The lionfish is native to the tropical Indo-Pacific region, but this fish – also known as Dragon fish or Turkey fish – has now invaded the warmer coral regions of the Eastern Atlantic Ocean and Caribbean Sea.

To combat the problem around Bermuda, 31 volunteers have been issued special licenses by the Ministry of the Environment and Sports to engage in spear fishing of lionfish within the one mile limit that is legislated for spear fishing activities, The Royal Gazette reports.

The Lionfish constitutes a real threat to Bermuda’s reef ecosystem and commercial fishery. It is incumbent on us in Bermuda to do all we can to protect our marine ecosystem. In fact, even though this problem is relatively new to Bermuda, we are already being hailed by other countries and international organisations as an example of proactive management of Lionfish.” minister of the Environment Elvin James said to The Royal Gazette.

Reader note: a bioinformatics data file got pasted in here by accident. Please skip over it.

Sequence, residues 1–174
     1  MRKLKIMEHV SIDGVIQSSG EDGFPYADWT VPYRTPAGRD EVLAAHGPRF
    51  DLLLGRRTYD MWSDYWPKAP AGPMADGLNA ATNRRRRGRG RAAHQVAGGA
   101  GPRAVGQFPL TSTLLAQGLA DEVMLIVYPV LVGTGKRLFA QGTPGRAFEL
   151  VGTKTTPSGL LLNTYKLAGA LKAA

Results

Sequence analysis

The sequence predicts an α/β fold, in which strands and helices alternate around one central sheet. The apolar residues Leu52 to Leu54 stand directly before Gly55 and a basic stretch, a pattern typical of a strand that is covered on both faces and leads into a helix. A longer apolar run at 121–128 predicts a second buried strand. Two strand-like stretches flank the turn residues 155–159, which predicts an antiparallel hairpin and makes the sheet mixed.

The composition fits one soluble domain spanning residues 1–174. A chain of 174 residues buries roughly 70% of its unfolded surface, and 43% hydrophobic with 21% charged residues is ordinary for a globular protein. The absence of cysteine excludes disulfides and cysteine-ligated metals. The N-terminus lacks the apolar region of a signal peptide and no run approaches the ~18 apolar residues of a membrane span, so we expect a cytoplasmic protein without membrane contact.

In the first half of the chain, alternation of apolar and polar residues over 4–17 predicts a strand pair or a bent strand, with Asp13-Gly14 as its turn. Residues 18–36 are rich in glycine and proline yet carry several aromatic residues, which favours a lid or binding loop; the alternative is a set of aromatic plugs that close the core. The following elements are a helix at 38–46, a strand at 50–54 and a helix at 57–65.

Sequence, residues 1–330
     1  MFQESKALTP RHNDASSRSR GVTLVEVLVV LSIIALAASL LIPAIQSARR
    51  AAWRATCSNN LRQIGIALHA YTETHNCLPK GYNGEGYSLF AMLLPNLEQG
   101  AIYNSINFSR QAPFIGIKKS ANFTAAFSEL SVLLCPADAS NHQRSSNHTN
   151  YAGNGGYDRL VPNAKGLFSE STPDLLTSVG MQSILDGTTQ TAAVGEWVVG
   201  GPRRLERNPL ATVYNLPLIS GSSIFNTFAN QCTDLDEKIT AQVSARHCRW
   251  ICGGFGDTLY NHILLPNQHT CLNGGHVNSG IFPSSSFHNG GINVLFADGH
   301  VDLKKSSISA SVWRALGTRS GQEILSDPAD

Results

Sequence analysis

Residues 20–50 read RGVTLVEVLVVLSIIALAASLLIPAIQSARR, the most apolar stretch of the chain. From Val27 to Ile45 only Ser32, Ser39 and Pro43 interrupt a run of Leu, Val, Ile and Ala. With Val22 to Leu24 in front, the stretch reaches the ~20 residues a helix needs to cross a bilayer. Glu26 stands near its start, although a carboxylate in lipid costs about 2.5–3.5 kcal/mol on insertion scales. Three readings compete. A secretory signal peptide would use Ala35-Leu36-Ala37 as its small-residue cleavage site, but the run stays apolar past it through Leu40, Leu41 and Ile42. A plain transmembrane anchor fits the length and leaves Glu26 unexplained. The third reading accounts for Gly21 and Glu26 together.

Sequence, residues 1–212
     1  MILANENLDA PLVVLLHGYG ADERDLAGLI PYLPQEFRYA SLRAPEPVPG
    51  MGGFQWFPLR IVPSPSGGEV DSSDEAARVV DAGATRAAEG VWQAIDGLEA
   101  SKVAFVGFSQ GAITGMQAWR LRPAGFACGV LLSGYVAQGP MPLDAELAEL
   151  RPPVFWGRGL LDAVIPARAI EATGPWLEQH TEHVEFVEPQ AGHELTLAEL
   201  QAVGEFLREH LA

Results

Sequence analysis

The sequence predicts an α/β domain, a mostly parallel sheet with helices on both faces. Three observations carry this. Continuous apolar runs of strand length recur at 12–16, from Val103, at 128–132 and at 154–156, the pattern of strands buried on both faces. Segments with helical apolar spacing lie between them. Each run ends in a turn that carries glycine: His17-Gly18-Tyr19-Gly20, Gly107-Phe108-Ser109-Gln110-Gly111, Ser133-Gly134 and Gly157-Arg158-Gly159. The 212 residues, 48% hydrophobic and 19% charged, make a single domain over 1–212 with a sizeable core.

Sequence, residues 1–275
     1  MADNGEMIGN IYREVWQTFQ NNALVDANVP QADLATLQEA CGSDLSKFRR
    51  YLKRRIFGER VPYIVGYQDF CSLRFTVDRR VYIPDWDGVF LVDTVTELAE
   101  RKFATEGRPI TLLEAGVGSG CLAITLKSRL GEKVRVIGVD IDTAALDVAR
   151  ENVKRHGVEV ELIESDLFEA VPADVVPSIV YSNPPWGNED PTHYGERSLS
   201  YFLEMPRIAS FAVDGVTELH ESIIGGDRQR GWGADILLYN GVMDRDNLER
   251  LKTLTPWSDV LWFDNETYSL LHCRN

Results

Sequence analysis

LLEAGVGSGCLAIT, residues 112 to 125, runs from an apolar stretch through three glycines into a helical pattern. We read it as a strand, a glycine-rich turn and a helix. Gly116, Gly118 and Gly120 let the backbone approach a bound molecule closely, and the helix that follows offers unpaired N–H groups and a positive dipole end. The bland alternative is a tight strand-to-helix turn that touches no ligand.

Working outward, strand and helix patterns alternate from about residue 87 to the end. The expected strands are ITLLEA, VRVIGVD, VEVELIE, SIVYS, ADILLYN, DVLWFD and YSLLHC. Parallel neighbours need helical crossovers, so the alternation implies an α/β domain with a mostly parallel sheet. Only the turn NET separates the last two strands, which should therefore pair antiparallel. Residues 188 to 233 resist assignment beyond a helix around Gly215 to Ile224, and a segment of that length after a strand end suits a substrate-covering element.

Several species of fish the family Scorpaenidae are known as lionfish, but the species causing trouble around Bermuda is Pterois volitans. It is believed to have been introduced to the ecosystem by saltwater aquarists in Florida. In order to better understand Pterois volitans and the effect it might have as an invasive species, the Department of Conservation Services will be collecting Lionfish from local waters and study them.

If you see a lionfish in the waters around Bermuda, contact the Marine Conservation Officer at 293 4464 extension 146 or email The Marine Conservation Officer wish to know date, location and depth, and the approximate length of the fish (from snout to tail tip). The Marine Conservation Officer might need to contact you for further questions, so leave a phone number or email address.

Don’t try to catch the fish, because lionfish can give you a venomous sting with its fins. If you’re stung by a lionfish, seek medical attention right away. The sting is really painful.

You can read the full article in The Royal Gazette, Bermuda’s only daily newspaper.